Also, remember to plan some down time for yourself and quiet playtime for the grandchildren. Listen intently to whatever your grandchild is sharing. Communicate your response in a positive and upbeat way. Answer all questions honestly and straight forward. Praise your grandchildren’s efforts and accomplishments. Be supportive and understanding with their disappointments. Speak and talk about current issues, shared interests, and activities appropriate for the grandchild’s age group.
Grandparents know a lot of family history, share family pictures and memories. Tell stories about yourself and relatives. Share your favorite moments spent with their parent when their parent was their age. Continue the ethnic heritage and family traditions you celebrated as a child. Teach your grandchildren what you know, introduce them to your hobbies, allow them to help garden, cook, take care of the pets, even help paint and wallpaper. Sharing your world with them gives them the chance to experience and try new things.
Strategies for Better Behavior
Disciplining children isn’t fun. But there are methods grandparents can use to make discipline more palatable. The following methods will give grandchild a clear idea of the rewards and consequences of her behavior.
The “When–Then” Behavior Contract
This behavior contract is used to reward the child for successfully completing a goal using the “When–Then” principle. An example of a “When–Then” statement is, “When you finish setting the table, then you have 10 minutes of free time.”
Contracts are signed by the grandparent and the child. The contract clearly states the reward for successful completion, or the consequences if the contract is not completed successfully. If the child complains or resist, your job is to hold the line.
Here is a sample behavior contract.
- Problem: Grandchild argues about her homework.
- Required behavior: When grandchild completes homework without arguing, Then child will receive (state the reward).
- If grandchild continues to argue, then the child will lose (name the privilege).
- Date and signatures: (Child), (Grandparent)
The Plus, Minus, Interesting (PMI) Problem Solver
The PMI method helps children see that the obvious answer isn’t necessarily the best one. It is a simple technique that results in a torrent of ideas.
- Divide a sheet of paper into three columns.
- In one column list all the positive or “plus” views of the idea. In the second column list anything that is negative or “minus” about the idea, and in the third column list the “interesting” aspects of the idea.
- Talk over the plus, minus, and interesting parts of each PMI idea. Choose the best solution.
A List of Rewards
Try the 10 rewards for appropriate behavior and add to it as you recognize rewards important to your grandchild.
- Read an extra story before bedtime
- Rent a video
- Display school work
- Invite a friend over
- Permission to stay up 30 minutes past bedtime
- A trip to McDonalds
- Extra TV time
- Give a compliment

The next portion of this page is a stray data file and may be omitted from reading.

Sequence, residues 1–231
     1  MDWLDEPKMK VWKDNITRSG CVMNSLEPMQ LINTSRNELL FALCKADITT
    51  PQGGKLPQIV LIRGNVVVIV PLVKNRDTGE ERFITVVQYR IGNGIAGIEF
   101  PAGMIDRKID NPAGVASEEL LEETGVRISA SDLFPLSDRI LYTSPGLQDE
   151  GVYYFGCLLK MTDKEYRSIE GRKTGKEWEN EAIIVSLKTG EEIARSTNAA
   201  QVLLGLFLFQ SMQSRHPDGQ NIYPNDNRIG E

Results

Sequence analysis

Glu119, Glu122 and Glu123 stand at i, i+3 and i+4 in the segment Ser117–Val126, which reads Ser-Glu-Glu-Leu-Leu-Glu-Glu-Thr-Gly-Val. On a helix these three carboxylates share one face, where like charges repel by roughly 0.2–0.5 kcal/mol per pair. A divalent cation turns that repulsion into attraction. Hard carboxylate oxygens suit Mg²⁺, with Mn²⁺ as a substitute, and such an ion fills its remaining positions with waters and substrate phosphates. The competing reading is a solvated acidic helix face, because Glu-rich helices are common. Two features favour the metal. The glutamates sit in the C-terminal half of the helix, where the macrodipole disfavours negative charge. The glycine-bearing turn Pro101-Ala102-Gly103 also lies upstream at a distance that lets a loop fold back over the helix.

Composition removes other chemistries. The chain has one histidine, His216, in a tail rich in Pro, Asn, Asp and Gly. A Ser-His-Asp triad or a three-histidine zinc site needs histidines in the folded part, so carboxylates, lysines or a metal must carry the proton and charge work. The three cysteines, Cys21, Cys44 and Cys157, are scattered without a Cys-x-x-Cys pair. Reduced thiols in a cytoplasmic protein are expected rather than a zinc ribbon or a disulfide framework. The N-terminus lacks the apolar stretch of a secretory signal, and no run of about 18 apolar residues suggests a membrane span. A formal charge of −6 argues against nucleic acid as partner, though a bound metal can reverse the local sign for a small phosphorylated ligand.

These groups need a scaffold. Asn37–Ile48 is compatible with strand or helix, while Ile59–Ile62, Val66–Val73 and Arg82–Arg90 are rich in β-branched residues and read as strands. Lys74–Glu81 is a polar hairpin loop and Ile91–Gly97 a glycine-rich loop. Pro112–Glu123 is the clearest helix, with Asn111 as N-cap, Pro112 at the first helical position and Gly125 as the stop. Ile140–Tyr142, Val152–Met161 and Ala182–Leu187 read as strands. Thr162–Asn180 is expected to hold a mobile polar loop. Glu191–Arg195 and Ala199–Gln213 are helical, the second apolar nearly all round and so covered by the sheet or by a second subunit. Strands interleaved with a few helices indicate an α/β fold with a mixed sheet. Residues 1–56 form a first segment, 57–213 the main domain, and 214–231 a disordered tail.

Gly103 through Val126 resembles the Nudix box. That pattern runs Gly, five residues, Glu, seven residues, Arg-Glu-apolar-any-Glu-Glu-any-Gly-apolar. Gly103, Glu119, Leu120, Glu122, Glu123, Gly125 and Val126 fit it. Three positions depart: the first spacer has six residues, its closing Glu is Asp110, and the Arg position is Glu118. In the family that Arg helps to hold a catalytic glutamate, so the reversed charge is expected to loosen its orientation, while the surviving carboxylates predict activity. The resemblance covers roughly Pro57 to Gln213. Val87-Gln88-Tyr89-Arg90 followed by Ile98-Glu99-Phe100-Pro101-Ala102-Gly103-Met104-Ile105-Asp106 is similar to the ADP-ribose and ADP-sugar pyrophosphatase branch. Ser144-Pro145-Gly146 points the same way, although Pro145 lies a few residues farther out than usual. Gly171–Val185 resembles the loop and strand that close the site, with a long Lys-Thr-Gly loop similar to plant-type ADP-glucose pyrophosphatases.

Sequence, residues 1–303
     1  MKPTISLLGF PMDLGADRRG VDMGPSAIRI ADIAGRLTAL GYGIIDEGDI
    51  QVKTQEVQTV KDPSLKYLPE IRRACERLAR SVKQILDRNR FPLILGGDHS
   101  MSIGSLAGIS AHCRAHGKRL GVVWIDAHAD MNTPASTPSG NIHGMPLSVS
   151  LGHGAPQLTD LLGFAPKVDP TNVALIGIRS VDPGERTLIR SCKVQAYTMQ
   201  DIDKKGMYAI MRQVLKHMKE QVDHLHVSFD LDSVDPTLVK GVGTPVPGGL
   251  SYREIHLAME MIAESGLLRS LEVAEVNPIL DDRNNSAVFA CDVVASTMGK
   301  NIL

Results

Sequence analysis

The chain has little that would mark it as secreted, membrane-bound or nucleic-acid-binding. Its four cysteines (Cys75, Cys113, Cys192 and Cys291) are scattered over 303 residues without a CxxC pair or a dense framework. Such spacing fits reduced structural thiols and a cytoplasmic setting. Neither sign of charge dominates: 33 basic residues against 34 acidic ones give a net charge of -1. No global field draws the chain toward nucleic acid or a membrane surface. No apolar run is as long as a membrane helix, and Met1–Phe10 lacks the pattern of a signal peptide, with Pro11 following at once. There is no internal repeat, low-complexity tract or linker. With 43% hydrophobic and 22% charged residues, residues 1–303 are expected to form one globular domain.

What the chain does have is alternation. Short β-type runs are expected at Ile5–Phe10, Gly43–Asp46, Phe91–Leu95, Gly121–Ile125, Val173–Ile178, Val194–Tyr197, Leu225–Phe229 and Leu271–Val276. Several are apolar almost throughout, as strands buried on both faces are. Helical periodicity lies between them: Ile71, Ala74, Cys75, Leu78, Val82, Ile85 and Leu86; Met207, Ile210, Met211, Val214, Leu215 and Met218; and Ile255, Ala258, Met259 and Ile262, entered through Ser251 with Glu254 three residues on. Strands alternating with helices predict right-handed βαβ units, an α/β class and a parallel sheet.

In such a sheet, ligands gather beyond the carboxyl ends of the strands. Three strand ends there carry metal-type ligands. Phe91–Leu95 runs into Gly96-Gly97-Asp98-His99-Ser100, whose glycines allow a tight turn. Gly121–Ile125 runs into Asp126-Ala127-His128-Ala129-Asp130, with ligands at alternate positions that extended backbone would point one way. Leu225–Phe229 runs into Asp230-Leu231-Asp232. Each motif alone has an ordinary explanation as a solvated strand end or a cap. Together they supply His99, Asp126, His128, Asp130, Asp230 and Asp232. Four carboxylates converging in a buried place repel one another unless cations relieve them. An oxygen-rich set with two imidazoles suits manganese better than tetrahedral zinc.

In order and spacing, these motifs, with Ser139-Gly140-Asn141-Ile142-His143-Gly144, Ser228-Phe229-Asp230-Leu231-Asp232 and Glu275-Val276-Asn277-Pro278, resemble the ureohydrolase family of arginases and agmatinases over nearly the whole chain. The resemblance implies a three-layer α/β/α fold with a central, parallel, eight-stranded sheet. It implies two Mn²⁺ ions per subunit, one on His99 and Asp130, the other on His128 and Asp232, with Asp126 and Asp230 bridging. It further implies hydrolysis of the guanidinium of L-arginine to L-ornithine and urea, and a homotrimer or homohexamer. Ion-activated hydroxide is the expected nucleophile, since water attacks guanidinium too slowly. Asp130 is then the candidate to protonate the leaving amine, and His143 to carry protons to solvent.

- Plan a fun meal.
Grandparents who parent their grandchildren can’t be best friends with their grandchildren, they are parents and the two don’t mix. But you can develop an atmosphere of good humor. This doesn’t mean let you kids run wild, but even discipline can be handled with good humor.
Importance of Compromise
There is a thin line not to be overstepped by grandparents. Grandparents are not first parents. If a problem arises, grandparents shouldn’t argue or discuss it in front of grandchildren. Grandparents and parents should discuss the problems and voice their opinions on the issue, be it discipline, giving in, or spoiling. However, the key is compromise. Parents and grandparents should flexible enough to reach a compromise. Grandparents and parents should ensure that children is treated consistently.
Nurture Creativity of Children
Creativity is God’s joy-filled gift to children. But long-standing anxiety or depression nearly always stands in the way of freewheeling, creative thinking.
If the grandkids you parent come from an abusive situation, it will affect their creativity. They may cover up their anxiety and learn to put on a good front, but the fact is, anxiety cripples creative thinking.
The more children become tangled in a web of problems, the greater the likelihood that creative thinking skills will stop developing. To get back on track the child requires psychologically safe surroundings where creativity can blossom.
Children who feel good about themselves have a greater chance of being productive, creative thinkers than children who feel worthless and unlovable. This means that children with low self-esteem can make only weak attempts at being creative.
Some children misjudge the truth about themselves. They appear to be well-adjusted, but if you talk to them their attitude oozes defeat. They can’t believe they are good, smart, handsome, pretty, or worthy of praise.
Here is a sample of feelings children with low self-esteem experience. In one way or another they say:
- I’m bad.
- I can’t be trusted.
- Kids don’t like me.
- My parents (grandparents) aren’t happy with me.
Contrast those feelings with the feelings of high self-esteem children. Children who think positively about themselves say:
- I’m good.
- My parents approve of me.
- I do what I say I’ll do.
- Kids like me.
- My parents (grandparents) love me.
As grandparents who parent, you have an enormous effect on your child’s self-esteem. You may love, accept and approve of your grandchild. But unless these feelings filter through to your grandchild, she will not believe she measures up to your standards. When this happens, self- esteem zooms downward.
Plan for Creative Growth
Regardless of what happens away from home, grandparents can provide an atmosphere that encourages originality and imaginative thinking. There is little chance of creative growth unless a plan is set in motion to encourage resourcefulness, inventiveness, and unusual ideas. Here are a few suggestions.
- Start a fantasy-land corner. Display a poem, story, drawing, or creative thought for the day.
- Encourage younger children to invent a tall tale. Use a tape recorder and replay the story.
- Start telling a story and ask your grandchild for input. Ask for different story endings, and let your grandchild choose the best.
- If a child has reading or academic problems, find out what creative activities he enjoys. Talk about riddles, jokes, and dreams.
There is hope for children who seem to have lost the gift for zany, playful creativity. Grandparents are assured that their children have received God’s gift of creativity. As children learn to open their lives to him, their potential for creativity grows.